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Most of the ARM Cortex-M core based MCUs have Harvard architecture (except for Cortex-M0 and M0+.)

The thing I do not understand is that why we see only one memory address space. For example, in tge STM32F4 we see only a unified memory address space:

enter image description here

If ARM Cortex-M based MCUs have Harvard architecture (in most cases,) why do we not see two separate memory address spaces - one for data and one for code instructions - instead of one?

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  • \$\begingroup\$ are you sure it's actual Harvard and not modified Harvard? \$\endgroup\$
    – user253751
    Apr 21 at 16:14
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    \$\begingroup\$ seems like modified Harvard - they call it "Harvard bus": community.arm.com/support-forums/f/… \$\endgroup\$
    – user253751
    Apr 21 at 16:18
  • \$\begingroup\$ yes, thanks for the clarification, I wasn't precise enough, it is modified Harvard \$\endgroup\$
    – gvg
    Apr 21 at 16:38
  • \$\begingroup\$ There you go, then. "Modified Harvard" usually just means a performance optimization on a unified address-space, e.g. split L1d/i cache and/or split buses to RAM and Flash. (As en.wikipedia.org/wiki/… points out, having split address spaces would mean you'd need a load-program-memory instruction if you wanted to access it as data and thus still be "modified harvard", which ARM doesn't have, but AVR does. Without that, with split address spaces would be true Harvard.) \$\endgroup\$ Apr 22 at 4:30
  • \$\begingroup\$ I think the term “Harvard architecture” is kinda obsolete in this decade since hardly any architecture is that simple \$\endgroup\$
    – Navin
    May 31 at 11:16

3 Answers 3

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When you pick a STM32F4 chip at random and look at the datasheet, in section 2.2 we see a block diagram of the chip.

We see that the CPU has three (!) buses - labeled I-BUS, D-BUS and S-BUS. All of them go to the "AHB bus matrix" and the D-BUS also goes to some "CCM data RAM".

I searched for "Cortex-M4 S-bus" and found this page from ARM describing the buses which describes the difference between the buses: For addresses lower than 0x20000000, the D-Bus is used for data access and the I-Bus is used for instruction accesses. For addresses 0x20000000 or higher, the S-Bus is used for both instruction and data accesses.

So the processor acts as a Harvard architecture below 0x20000000 and von Neumann above that.

However, if we go back to the chip datasheet, in section 2.2.7 (after the page break) we see a diagram of the AHB bus matrix which interconnects the different buses to different memory components on the chip. We see that the I-Bus and D-Bus have access to the same memory components: Flash memory (via ACCEL), SRAM1, and FSMC Static MemCtl. So by taking a Harvard architecture and then connecting the I and D buses to the same memory, we turn it into what may as well be called a von Neumann architecture. We can assume that each memory region has the same address on all buses where it can be accessed, because otherwise the datasheet would say otherwise. It's convenient that each piece of memory only has one address. It would be possible to connect the processor so that the instruction at 0x00000000 is different from the data at 0x00000000, but the designers of the STM32F405xx did not do that.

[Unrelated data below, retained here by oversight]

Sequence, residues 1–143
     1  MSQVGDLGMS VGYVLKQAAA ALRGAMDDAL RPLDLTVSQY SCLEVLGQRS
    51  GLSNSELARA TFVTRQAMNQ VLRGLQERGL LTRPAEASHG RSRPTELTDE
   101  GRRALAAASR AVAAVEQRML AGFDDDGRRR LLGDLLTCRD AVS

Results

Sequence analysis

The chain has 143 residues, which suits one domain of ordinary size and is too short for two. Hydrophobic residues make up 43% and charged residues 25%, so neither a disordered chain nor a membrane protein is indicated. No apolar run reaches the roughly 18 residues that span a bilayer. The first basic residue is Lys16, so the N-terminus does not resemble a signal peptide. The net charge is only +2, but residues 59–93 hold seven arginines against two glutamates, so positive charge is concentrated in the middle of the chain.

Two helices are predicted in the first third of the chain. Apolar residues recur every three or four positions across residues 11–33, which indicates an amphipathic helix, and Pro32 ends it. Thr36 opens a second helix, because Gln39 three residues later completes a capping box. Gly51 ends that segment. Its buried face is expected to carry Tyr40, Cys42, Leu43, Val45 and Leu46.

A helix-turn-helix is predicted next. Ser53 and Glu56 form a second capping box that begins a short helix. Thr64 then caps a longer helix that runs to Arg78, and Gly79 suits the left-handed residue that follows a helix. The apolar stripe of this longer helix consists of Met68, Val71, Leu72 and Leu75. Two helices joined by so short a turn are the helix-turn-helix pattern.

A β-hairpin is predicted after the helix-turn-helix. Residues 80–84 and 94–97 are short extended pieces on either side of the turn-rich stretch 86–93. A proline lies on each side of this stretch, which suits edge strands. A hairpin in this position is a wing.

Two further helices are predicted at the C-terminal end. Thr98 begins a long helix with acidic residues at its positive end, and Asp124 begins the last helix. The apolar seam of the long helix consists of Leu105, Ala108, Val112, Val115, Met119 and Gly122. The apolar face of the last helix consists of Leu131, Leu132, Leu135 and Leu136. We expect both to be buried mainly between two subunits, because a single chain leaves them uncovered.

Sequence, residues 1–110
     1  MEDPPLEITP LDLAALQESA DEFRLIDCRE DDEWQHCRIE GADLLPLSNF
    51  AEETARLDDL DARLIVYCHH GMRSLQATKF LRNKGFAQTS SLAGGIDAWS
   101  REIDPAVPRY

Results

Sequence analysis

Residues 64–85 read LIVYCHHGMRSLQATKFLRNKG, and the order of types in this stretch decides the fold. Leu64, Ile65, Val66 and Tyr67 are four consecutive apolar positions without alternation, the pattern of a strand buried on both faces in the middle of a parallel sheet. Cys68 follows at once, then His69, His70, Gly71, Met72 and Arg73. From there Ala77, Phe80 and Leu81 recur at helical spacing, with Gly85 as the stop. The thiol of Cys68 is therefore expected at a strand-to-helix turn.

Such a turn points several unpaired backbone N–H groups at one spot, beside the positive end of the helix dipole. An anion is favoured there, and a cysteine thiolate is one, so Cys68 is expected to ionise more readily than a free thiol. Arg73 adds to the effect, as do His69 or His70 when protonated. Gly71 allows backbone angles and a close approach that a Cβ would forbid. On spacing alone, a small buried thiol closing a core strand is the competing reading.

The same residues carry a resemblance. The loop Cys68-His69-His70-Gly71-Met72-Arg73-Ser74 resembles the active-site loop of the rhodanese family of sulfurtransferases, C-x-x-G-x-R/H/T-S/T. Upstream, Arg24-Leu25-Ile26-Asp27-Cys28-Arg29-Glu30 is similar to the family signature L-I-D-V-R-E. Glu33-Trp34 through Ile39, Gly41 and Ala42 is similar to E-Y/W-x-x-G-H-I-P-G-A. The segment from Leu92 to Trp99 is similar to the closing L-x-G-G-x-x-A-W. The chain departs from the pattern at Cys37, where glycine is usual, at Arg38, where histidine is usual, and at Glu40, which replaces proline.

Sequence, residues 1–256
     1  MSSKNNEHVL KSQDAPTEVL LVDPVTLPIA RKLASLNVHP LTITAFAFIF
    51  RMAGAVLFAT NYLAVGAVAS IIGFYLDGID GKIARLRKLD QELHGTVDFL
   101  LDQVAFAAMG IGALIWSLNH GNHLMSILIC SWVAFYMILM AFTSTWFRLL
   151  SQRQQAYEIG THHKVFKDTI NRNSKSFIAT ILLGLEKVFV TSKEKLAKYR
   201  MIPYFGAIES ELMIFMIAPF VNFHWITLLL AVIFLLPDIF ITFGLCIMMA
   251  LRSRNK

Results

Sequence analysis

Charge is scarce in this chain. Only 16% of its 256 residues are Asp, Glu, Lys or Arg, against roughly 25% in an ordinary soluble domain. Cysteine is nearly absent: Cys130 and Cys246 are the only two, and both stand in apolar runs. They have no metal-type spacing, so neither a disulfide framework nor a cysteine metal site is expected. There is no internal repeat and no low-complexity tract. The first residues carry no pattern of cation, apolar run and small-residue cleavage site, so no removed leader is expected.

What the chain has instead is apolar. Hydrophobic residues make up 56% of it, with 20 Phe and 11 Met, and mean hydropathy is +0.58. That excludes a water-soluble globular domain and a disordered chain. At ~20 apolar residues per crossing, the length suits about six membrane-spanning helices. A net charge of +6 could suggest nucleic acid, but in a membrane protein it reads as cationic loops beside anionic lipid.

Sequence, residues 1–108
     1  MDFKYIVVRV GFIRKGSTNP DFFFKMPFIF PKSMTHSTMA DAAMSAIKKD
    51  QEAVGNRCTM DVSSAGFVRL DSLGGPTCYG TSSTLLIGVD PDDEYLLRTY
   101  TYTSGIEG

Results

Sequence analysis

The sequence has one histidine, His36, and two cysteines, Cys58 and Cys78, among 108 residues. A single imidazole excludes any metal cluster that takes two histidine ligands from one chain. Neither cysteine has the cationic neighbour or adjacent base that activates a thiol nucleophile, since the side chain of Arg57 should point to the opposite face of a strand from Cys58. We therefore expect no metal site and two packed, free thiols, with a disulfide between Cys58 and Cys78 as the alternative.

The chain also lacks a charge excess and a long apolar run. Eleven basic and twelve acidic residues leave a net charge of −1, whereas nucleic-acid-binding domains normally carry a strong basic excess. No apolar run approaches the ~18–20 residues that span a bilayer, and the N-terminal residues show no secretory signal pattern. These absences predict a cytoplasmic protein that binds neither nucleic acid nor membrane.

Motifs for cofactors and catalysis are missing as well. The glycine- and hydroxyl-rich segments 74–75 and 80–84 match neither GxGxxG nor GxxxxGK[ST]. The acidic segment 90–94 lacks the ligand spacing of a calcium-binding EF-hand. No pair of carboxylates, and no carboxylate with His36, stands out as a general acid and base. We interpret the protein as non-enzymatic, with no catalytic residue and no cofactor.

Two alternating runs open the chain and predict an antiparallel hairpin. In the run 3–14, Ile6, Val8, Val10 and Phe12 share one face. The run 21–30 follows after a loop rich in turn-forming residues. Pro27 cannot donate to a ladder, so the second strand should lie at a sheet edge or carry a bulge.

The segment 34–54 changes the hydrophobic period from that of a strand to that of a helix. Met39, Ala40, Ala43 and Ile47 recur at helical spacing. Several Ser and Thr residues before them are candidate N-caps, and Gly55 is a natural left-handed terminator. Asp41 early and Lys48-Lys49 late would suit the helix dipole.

There is a slight difference: the "data CCM" memory cannot be used for instructions as it's only attached to the D-bus. Your memory map does not show "data CCM" below 0x20000000 so I guess on your chip this difference does not exist. However there may be other differences between the I-bus and D-bus.

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  • \$\begingroup\$ Thanks for your detailed answer! Just one more thing: if the instruction at 0x00000000 were different from the data at 0x00000000 that would mean that in the memory layout we were seeing two memory address spaces, right? \$\endgroup\$
    – gvg
    Apr 21 at 21:14
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    \$\begingroup\$ @gvg yes but I don't think the chip is doing that. Note the address space would be the same at 0x20000000 and upwards, because it uses the same bus. \$\endgroup\$
    – user253751
    Apr 22 at 9:26
  • \$\begingroup\$ yes I meant this last question in general, not in the specific case you described previously. Many thanks for your help and answers again! \$\endgroup\$
    – gvg
    Apr 22 at 9:39
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    \$\begingroup\$ Some STM32 models have instruction CCM, which also has access restrictions. But even then the addresses are not used for other purposes on the main bus. With 4 GB of address space for a chip with less than 1 MB of memory, there is no need to double-use. \$\endgroup\$
    – jpa
    Apr 22 at 9:45
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    \$\begingroup\$ Yes, even if the busses were connected to completely separate memory sections, it would be a good idea for the chip designer to give them different addresses to help catch programming mistakes. \$\endgroup\$
    – user253751
    Apr 22 at 9:46
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The ARM Cortex parts are advertised as "Harvard Architecture", but they're really modified Harvard architecture.